In 1948, six years before the civil rights movement would officially begin, Gordon Parks became Life magazine’s first Black staff photographer. During his nearly three decades with the publication, he made an indelible impression not only on its glossy pages, but also on American society as a whole.
Parks produced powerful photo essays that drew the public’s attention to issues like segregation and racism, but the artist was neither expected nor felt compelled to only chronicle topics connected to the color of his skin. He would often say that there was “no special Black man’s corner” for him there, according to Life. Indeed, he was also a fashion photographer and felt as comfortable snapping shots of celebrities as he did scenes related to social justice.
In addition to shooting still images, he was also a filmmaker — directing the iconic 1971 film Shaft — as well as an author, musician, painter, and composer. And each of his artistic pursuits served as conduits for his humanitarianism and activism.
Parks was born into poverty in Fort Scott, Kansas, in 1912, the youngest of 15 children. He gravitated toward photography early on, intrigued by images of migrant workers he saw in a magazine while he was working as a waiter in a railway car.
“I saw that the camera could be a weapon against poverty, against racism, against all sorts of social wrongs,” he told an interviewer in 1999, per The New York Times. “I knew at that point I had to have a camera.”
He purchased his first one at a pawn shop in 1938, and with no professional training, honed his skill to such an extent that, at age 29, he won the Julius Rosenwald Fellowship. He was awarded $1,800 — the equivalent of around $35,000 today — to support his burgeoning career. The grant helped him make his way to Washington, D.C., where he began working in the photography section of the Farm Security Administration and then the Office of War Information.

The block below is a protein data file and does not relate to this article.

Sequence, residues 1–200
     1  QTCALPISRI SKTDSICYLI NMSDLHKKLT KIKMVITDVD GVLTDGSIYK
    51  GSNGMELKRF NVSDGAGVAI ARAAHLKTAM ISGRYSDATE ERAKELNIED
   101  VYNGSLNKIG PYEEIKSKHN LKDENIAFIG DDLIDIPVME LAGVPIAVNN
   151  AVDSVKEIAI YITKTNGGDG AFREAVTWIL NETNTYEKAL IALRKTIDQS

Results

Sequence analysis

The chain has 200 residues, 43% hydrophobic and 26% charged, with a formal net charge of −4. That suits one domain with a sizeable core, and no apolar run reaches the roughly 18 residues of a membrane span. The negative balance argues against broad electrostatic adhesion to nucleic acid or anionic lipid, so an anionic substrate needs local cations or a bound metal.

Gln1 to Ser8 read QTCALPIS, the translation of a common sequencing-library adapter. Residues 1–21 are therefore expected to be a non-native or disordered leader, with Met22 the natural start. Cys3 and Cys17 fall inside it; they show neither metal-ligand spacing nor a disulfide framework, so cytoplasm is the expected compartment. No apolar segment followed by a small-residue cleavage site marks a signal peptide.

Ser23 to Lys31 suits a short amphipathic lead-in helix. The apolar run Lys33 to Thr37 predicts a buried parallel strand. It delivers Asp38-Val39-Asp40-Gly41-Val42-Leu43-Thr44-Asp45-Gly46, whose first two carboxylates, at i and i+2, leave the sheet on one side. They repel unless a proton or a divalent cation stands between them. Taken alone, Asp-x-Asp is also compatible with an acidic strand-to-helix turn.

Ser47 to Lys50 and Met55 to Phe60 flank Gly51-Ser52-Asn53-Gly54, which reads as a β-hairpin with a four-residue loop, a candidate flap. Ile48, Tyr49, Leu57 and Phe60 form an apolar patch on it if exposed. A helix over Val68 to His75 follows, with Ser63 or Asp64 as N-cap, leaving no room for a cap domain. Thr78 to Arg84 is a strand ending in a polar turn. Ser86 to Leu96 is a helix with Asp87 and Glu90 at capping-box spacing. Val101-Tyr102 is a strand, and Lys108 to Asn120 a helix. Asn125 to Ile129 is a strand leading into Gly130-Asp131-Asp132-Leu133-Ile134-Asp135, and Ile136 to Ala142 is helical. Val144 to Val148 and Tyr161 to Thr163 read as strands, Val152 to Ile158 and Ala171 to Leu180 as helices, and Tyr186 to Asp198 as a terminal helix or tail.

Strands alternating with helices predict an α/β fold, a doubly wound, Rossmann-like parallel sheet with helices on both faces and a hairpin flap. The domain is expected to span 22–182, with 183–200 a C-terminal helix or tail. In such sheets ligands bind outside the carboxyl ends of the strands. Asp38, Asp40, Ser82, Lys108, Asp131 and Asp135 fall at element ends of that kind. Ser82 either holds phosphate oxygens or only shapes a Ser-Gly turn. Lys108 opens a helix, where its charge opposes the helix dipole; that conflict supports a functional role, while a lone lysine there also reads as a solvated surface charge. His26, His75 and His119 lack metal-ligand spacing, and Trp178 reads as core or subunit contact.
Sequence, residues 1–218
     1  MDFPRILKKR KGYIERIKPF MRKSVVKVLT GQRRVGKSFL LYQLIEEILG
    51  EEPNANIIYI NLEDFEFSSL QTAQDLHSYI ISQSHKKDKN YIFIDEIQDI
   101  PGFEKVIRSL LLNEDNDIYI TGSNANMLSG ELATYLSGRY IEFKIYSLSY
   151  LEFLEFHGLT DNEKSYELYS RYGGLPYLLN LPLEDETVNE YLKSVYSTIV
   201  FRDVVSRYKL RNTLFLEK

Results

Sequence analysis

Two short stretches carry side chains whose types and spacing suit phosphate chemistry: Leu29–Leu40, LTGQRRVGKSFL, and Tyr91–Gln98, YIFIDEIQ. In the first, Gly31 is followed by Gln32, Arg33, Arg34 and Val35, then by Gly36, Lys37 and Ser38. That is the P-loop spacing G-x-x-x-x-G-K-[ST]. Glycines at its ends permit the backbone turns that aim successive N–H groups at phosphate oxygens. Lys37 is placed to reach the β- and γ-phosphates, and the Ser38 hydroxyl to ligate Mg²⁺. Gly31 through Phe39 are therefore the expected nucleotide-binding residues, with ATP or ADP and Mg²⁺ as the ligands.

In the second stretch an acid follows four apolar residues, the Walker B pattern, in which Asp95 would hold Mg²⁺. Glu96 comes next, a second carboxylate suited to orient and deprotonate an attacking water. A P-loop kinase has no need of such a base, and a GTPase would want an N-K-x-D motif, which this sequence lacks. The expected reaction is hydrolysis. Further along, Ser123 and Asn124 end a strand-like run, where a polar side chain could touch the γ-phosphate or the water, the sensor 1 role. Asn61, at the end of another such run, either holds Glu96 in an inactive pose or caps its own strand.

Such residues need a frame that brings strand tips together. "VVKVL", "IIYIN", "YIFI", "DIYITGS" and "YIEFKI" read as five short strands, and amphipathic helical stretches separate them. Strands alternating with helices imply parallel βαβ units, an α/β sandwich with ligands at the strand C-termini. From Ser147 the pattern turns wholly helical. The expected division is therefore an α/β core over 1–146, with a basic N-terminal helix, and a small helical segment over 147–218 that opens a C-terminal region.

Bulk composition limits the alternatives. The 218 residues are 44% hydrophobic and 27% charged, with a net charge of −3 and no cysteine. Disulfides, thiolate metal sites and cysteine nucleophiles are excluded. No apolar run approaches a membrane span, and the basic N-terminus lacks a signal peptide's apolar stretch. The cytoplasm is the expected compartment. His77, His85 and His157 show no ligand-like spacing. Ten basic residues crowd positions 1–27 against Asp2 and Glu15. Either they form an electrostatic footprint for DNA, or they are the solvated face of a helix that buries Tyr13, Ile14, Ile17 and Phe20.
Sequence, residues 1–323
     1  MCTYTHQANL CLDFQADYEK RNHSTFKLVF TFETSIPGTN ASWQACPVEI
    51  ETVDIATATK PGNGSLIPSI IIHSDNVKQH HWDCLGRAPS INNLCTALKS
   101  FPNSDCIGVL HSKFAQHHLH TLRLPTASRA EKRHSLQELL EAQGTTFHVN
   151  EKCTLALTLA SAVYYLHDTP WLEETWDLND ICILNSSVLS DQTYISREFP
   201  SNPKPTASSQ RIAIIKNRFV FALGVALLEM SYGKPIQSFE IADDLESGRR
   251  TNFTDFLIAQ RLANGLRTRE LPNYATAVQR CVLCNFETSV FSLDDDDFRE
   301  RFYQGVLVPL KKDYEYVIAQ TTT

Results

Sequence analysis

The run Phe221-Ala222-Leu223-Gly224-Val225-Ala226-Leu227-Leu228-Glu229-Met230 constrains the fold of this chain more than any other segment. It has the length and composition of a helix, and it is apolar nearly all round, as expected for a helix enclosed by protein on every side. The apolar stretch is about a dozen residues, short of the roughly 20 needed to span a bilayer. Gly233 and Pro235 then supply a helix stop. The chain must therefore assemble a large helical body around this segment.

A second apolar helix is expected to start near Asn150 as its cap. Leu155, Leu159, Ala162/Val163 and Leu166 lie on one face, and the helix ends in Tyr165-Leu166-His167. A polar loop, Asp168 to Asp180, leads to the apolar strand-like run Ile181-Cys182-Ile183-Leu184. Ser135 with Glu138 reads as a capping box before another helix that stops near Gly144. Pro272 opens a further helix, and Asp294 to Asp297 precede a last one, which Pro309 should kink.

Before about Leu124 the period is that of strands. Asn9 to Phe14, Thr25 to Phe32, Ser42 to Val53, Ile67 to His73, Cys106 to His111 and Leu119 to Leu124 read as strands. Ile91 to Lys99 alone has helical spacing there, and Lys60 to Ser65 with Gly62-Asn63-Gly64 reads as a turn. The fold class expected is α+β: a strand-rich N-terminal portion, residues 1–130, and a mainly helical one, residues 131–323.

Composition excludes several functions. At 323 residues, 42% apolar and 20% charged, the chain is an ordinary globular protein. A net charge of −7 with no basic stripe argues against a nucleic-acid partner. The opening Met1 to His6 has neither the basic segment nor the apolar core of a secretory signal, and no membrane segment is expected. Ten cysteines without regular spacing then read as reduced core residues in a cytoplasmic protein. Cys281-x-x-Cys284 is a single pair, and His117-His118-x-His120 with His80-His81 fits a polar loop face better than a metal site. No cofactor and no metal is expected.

With these agencies, he was able to “break the color line in professional photography” while creating striking images that shed light on “the social and economic impact of poverty, racism, and other forms of discrimination,” according to the Gordon Parks Foundation.
One of his most iconic photos, taken in 1942 and titled “American Gothic,” features Ella Watson, a cleaning woman who worked for the government. Echoing the famous 1930 painting by Grant Wood, she stoically holds a broom and a mop.
“I had experienced a kind of bigotry and discrimination here that I never expected to experience. … At first, I asked [Ella Watson] about her life, what it was like, and [it was] so disastrous that I felt that I must photograph this woman in a way that would make me feel or make the public feel about what Washington, D.C., was in 1942,” Parks said of the shot, per the Minneapolis Institute of Art. “So I put her before the American flag with a broom in one hand and a mop in another. And I said, ‘American Gothic’ — that’s how I felt at the moment.” The image is currently on display at the Harrison Photography Gallery in Minneapolis through June 2024.
In 1944, Parks left his position with the Office of War Information to work on the Standard Oil Company’s long-running documentary photo project. Around the same time, he was making a name for himself by freelancing for various publications, namely Glamour, Ebony, and Vogue. Before the end of the decade, he would pitch his first photo essay to Life magazine.
The story focused on the gangs running rampant in Harlem in New York City. To ensure he had the inside scoop, he befriended a member of one of the gangs. Accompanied by the young man, just 17 years old, Parks snapped stunning, expressive pictures of both the brutality and humanity he witnessed. The resulting images, a collection published in 1948 called “Harlem Gang Leader,” impressed editors so much that they offered him a position as staff photographer.
Parks continued to shoot for Life until 1972, per the Times, the same year the magazine discontinued as a weekly publication. But he didn’t stop creating. He published memoirs, novels, and poetry, directed films, and wrote the music for a 1989 ballet titled Martin, about the Rev. Martin Luther King, Jr.
In 1988, he was awarded the National Medal of Arts by President Ronald Reagan. And though he’d never finished high school, he received more than 50 honorary doctorates from colleges and universities. He continued evolving his various artforms until his death at age 93 in 2006, and his work continues to be exhibited decades later.